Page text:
The Budget Deficit: Does It Matter? Peter R. Orszag1 Joseph A. Pechman Senior Fellow, The Brookings Institution Co-Director, Tax Policy Center Director, Retirement Security Project City Club of Cleveland July 16, 2004 Thank you. I am honored to be here at the City Club of Cleveland, and I’d like to express my thanks to Jim Foster and Bud Talbott for extending the invitation. As you may know, Bud’s son is now the president of Brookings, where I work. I’m told that Bud has particularly high standards, and I suppose if I don’t live up to them this afternoon, I may hear about it back at work next week. My topic today is the U.S. budget deficit and its effects. In 2003, the budget deficit amounted to slightly less than $400 billion. That’s about 3½ percent of GDP. Under reasonable projections, the deficit is expected to remain about this share of the economy over the next decade – and then grow much larger as the costs mount from the retirement of the baby boomers. The title of my talk asks whether these deficits matter. I assume that a simple “yes” would not suffice in this intellectually rigorous environment. So I’ll spend most of my talk describing the various ways in which substantial budget deficits are economically harmful, and then provide some thoughts on how we can bring the deficit under control. I want to emphasize at the beginning that temporary budget deficits can be beneficial in providing a jump start to a weak economy. Ongoing, sustained budget deficits are a different story. To begin exploring why such sustained deficits matter, let’s start with some basic macroeconomic analysis. We as a nation are simply not saving enough, and the budget deficit plays a large role in explaining why.
The views expressed are those of mine alone and should not be attributed to the trustees, officers, or staff of the Brookings Institution or the Tax Policy Center. Much of this talk draws upon joint work with William Gale of Brookings, Robert Greenstein and Richard Kogan of the Center on Budget and Policy Priorities, Robert Rubin of Citigroup, and Allen Sinai of Decision Economics, Inc. I also thank Robert Cumby of Georgetown University, Peter Diamond of MIT, Doug Elmendorf and David Wilcox of the Federal Reserve, Robert Bixby of the Concord Coalition, and Maya MacGuineas of the New America Foundation for helpful discussions.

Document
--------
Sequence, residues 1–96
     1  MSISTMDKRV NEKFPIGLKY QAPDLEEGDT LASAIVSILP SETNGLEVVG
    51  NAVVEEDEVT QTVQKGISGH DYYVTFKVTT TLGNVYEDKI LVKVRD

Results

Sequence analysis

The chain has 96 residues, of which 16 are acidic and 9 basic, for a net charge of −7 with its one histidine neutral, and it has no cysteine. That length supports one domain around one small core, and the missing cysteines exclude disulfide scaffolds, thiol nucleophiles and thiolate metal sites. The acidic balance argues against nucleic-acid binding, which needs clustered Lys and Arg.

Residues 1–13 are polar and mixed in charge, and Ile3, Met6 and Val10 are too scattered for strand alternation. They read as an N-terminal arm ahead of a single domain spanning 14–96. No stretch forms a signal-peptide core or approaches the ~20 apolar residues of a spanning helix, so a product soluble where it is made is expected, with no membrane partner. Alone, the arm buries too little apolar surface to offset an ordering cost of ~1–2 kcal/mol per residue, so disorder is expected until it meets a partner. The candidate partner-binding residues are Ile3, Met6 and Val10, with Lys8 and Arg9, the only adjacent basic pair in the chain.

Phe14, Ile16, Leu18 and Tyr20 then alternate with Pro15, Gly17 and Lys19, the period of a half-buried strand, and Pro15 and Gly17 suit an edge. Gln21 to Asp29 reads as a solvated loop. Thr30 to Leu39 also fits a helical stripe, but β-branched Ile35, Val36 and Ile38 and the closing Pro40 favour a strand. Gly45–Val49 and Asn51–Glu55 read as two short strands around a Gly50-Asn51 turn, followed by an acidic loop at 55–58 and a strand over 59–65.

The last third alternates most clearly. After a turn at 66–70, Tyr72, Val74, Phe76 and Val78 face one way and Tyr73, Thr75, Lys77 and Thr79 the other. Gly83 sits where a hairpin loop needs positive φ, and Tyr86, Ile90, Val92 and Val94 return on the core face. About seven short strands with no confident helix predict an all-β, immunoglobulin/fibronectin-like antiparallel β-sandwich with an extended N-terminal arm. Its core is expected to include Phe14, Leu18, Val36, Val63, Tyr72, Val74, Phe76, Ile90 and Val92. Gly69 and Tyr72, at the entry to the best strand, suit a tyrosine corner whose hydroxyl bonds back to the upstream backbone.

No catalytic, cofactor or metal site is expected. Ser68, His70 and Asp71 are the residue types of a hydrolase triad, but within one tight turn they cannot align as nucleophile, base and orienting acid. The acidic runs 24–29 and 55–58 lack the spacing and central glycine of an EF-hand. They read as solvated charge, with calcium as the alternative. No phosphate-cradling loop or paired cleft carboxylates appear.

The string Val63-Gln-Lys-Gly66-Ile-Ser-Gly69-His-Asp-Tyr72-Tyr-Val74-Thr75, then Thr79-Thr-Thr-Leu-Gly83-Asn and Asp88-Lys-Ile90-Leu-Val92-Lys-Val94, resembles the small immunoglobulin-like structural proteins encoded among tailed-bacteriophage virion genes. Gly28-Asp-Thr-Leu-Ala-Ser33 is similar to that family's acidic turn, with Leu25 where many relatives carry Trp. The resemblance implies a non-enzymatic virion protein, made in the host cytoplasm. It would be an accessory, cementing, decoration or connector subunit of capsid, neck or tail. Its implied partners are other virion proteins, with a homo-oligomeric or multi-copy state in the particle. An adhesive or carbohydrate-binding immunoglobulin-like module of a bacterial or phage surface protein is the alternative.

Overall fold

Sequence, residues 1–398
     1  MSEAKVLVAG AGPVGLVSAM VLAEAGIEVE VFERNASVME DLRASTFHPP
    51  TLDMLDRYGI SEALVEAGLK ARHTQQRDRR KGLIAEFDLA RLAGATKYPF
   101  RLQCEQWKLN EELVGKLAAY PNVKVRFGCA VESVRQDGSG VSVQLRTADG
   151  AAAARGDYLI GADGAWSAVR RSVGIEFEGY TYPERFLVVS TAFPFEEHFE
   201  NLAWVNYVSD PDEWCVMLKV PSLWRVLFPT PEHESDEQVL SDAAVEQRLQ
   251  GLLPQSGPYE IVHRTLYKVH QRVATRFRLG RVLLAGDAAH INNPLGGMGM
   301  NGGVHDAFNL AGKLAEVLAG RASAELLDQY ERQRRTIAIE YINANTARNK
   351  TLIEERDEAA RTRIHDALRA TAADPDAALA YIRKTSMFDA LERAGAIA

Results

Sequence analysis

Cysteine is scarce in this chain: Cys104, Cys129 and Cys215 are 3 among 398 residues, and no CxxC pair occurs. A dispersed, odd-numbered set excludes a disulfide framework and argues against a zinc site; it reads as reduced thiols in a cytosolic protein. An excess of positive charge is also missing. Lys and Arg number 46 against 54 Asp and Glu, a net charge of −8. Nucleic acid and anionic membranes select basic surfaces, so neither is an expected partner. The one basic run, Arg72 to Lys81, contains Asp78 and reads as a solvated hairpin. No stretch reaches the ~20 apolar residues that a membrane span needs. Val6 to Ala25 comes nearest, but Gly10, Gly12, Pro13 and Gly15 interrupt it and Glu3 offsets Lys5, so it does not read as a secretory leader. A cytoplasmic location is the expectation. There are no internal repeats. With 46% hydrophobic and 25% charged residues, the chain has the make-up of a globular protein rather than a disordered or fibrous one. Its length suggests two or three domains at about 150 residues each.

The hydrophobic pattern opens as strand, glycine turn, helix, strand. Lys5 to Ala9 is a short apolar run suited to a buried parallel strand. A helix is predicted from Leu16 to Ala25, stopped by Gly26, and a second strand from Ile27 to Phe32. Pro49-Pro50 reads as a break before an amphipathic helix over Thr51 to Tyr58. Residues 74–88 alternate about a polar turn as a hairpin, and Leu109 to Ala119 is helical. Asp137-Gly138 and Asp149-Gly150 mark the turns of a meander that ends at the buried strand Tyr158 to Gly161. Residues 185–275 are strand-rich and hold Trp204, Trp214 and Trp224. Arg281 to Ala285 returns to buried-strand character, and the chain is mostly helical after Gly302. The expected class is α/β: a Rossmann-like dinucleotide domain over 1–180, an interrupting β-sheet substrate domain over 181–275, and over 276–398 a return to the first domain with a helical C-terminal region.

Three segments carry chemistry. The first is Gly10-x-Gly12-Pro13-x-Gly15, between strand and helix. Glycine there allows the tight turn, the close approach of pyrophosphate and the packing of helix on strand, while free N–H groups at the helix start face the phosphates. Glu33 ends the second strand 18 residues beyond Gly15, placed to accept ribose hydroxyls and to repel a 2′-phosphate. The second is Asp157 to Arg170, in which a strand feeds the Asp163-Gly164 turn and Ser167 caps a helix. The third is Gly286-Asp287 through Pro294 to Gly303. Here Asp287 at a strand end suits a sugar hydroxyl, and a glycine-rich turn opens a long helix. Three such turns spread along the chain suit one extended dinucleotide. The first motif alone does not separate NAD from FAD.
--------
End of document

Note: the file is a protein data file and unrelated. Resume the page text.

National saving In 2003, the net saving rate for the nation as a whole amounted to less than 2 percent of income. This level of national saving was the lowest since 1934. National saving is equal to private saving minus the budget deficit; so when the budget deficit goes up, national saving goes down. The federal deficit increased by more than 6 percent of income between 2000 and 2003, which more than explains the substantial decline in national saving over that period. A broad array of more rigorous evidence suggests that budget deficits have a considerable effect on national saving. But why does national saving matter? The reason is that it determines how rapidly Americans accumulate financial and real assets. The returns to those assets have a substantial effect on our future national income. The bottom line is that a larger budget deficit and lower national saving today reduce income in the future. Let me illustrate the point. Over the next 10 years, as I will describe in a moment, the budget deficit is expected to amount to roughly $5 trillion. Let’s be a bit generous and assume that private saving increases to offset one-third of that deficit. Then the capital accumulated by Americans over the next decade will be $3.3 trillion lower than it would have been in the absence of the deficits. If capital earns just 6 percent a year, that’s $200 billion a year in lost future national income in 2014 and thereafter. That’s more than $1,200 per household per year, on average. Another way of making the same point is that with a saving rate of 2 percent of income, there are necessarily only two options: Either we reduce the amount we invest at home to 2 percent of income, which would starve future workers of computers, buildings, and other productive capital in the future. Or we borrow the difference from foreigners. Let me explore each of these possibilities in turn. Deficits and Interest Rates First, one possible outcome of a large budget deficit and a low national saving rate is weak domestic investment. That is, the budget deficit could crowd out private investment in the United States. Lower investment here at home harms future productivity because each worker has less capital with which to work in the future. This crowding out is brought about through higher interest rates. The budget deficit soaks up available private saving – leaving a smaller pool of national saving to finance domestic investment. Firms that want to borrow for investment projects compete for that smaller pool of available funds. In the process, they bid up the interest rate that they’re willing to pay. The higher interest rate dissuades some firms from undertaking their investment projects, with the net result that investment declines. A survey I conducted with my colleague Bill Gale of Brookings shows that each percent of GDP in projected deficits raises long-term interest rates by 30 to 60 basis